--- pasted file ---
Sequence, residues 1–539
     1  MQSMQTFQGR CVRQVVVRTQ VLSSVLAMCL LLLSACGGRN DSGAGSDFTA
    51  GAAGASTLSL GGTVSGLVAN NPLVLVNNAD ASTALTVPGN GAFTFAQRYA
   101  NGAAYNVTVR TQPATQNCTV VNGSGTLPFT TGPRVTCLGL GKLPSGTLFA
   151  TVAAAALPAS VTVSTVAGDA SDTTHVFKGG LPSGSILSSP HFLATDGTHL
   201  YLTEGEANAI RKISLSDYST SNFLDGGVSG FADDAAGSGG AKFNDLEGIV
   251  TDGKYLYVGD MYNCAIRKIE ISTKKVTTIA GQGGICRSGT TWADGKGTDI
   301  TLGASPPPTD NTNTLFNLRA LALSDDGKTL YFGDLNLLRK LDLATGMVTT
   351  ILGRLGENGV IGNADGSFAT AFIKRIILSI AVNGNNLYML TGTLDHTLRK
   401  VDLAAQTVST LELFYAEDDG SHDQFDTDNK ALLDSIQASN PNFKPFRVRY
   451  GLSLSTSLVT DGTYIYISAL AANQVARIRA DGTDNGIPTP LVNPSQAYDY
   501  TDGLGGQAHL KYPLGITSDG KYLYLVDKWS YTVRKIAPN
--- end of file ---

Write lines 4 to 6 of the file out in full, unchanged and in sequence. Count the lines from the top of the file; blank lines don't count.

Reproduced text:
   101  NGAAYNVTVR TQPATQNCTV VNGSGTLPFT TGPRVTCLGL GKLPSGTLFA
   151  TVAAAALPAS VTVSTVAGDA SDTTHVFKGG LPSGSILSSP HFLATDGTHL
   201  YLTEGEANAI RKISLSDYST SNFLDGGVSG FADDAAGSGG AKFNDLEGIV